This as a masterpiece. It works as a collection of varied traditional tunes, beautifully arranged by Hutchings' collaborator John Kirkpatrick, for a range of traditional acoustic and electric instruments and played with the greatest skill and verve, but also as an introduction to the history of traditional English dance music.
The songs have a framing device, which might perhaps put off the unprepared. There are 5 pieces of verse or prose performed by distinguished actors that relate directly or ironically to the pieces that precede or follow them. For example the lively dance tune, Trotto is followed by the puritan William Prynne's denunciation of indulgence in earthly pleasures, particularly dancing, on the grounds that it leads down the crimson path to hell. This in turn is followed by a hurdy gurdy tune, which seems hesitant, but somehow unabashed, before a rousing performance of Cuckolds All Awry by the electric band seems to say that it is the music, not Prynne whose voice persists. And perhaps by extension that in the face of eternity dancing is not such a bad response, in fact what better?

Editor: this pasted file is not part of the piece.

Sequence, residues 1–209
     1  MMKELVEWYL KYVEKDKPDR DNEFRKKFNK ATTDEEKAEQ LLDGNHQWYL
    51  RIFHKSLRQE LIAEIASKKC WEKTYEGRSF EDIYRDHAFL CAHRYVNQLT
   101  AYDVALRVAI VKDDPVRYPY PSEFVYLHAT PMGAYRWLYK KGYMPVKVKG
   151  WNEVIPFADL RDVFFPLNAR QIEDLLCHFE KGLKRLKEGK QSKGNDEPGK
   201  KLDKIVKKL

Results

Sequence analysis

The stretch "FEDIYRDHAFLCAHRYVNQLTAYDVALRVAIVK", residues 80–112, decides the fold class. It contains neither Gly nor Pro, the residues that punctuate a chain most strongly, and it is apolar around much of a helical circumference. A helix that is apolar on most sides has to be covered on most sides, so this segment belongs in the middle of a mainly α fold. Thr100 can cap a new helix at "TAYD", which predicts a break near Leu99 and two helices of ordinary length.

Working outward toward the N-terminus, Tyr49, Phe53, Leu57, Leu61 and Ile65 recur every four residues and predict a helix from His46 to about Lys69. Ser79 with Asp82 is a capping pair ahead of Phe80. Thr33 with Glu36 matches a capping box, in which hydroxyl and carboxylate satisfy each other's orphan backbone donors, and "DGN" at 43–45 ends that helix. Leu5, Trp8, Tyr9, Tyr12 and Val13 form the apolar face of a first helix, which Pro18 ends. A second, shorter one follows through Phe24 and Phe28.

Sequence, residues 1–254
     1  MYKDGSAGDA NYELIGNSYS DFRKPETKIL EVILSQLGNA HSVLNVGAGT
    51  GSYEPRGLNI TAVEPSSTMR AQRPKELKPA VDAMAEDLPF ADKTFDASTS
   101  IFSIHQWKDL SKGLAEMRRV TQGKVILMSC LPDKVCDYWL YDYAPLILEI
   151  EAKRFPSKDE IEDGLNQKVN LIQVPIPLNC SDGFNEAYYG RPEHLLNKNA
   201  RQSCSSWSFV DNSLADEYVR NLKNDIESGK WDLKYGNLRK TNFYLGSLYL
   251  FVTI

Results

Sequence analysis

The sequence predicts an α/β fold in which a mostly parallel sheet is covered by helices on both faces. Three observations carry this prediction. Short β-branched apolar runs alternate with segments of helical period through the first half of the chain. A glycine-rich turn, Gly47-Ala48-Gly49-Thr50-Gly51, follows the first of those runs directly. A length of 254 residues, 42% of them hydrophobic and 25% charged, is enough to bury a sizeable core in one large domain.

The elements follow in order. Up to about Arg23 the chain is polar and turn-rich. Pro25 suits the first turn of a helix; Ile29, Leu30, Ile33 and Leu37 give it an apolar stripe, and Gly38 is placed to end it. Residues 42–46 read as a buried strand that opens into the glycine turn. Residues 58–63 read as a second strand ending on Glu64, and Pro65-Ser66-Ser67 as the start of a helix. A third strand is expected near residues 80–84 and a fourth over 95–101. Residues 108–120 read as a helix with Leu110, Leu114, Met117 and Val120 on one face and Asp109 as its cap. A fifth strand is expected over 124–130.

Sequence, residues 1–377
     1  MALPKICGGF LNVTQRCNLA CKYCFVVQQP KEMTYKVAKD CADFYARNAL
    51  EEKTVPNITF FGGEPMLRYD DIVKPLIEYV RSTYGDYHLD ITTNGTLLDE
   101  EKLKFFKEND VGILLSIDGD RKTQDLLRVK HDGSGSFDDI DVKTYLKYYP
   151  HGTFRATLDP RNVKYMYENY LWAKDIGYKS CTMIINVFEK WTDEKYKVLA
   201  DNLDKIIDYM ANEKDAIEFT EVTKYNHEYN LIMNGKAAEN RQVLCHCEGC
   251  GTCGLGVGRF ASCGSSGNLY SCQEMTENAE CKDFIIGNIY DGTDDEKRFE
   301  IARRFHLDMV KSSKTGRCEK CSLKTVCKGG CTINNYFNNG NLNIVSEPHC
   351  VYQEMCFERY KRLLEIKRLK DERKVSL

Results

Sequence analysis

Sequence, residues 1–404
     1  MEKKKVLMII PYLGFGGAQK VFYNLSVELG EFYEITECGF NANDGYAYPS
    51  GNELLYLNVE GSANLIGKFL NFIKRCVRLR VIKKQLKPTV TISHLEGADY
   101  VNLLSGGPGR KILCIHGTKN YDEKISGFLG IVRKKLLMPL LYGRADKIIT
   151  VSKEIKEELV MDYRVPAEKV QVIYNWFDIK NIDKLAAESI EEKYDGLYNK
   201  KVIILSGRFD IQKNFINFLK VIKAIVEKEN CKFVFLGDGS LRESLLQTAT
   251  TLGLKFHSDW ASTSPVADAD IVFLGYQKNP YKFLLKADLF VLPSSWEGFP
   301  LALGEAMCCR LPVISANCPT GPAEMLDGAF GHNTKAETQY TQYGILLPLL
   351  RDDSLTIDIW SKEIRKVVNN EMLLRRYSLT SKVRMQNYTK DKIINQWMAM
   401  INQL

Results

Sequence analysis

A mixture of the spoken word and music may not always work but, despite the 1 negative review I think very few would not find that in this case at least these short spoken pieces add to the enjoyment. I played my vinyl version of this pretty much to destruction, and never ever wanted to skip them. I am so pleased to find this favourite re-released on cd.
Some of the performances individually may not be greatly different from those found on other Ashley Hutchings projects. However the CDM is distinguished from them by the variety of the arrangements, and the quality of musicianship throughout. There are other records done with as much love, for example Pet Sounds or Sergeant Pepper, but fewer with such sustained clarity, purpose and intelligence. And probably none that convey such pure joy and pleasure.
If you appreciate traditional music with an electric flavour, or want an introduction to the English tradition, try this, (and then No Roses, with the wonderful Shirley Collins). If you give it a proper chance, you're unlikely to be disappointed.